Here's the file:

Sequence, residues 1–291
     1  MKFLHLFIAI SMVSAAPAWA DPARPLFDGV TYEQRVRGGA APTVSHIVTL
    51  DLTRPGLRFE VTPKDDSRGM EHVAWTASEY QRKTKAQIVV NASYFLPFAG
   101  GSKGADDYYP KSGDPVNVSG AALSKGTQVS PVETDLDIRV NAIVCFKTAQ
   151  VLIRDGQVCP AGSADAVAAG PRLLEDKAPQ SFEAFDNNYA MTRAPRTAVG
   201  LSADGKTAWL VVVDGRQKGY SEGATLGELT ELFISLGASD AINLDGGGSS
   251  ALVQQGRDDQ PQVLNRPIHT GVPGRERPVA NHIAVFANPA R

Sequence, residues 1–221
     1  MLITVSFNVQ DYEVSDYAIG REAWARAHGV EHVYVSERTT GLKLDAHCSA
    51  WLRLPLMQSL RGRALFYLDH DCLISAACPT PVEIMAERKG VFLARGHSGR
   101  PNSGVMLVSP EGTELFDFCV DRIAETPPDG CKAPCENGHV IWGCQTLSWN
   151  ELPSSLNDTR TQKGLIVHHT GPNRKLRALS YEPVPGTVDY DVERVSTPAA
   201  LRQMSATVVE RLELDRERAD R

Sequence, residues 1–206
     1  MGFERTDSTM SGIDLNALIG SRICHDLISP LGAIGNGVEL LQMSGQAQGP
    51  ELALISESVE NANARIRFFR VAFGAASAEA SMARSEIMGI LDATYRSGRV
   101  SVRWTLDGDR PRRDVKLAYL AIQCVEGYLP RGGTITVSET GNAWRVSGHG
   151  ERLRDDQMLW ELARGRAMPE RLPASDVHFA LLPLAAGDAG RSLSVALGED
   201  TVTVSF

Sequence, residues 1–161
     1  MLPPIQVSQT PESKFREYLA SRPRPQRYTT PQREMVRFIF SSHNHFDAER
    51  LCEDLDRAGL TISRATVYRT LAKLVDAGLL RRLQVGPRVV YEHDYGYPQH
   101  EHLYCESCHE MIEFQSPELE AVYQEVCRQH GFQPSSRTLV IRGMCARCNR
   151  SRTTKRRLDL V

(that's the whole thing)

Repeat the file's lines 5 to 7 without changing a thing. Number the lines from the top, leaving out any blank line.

   151  VLIRDGQVCP AGSADAVAAG PRLLEDKAPQ SFEAFDNNYA MTRAPRTAVG
   201  LSADGKTAWL VVVDGRQKGY SEGATLGELT ELFISLGASD AINLDGGGSS
   251  ALVQQGRDDQ PQVLNRPIHT GVPGRERPVA NHIAVFANPA R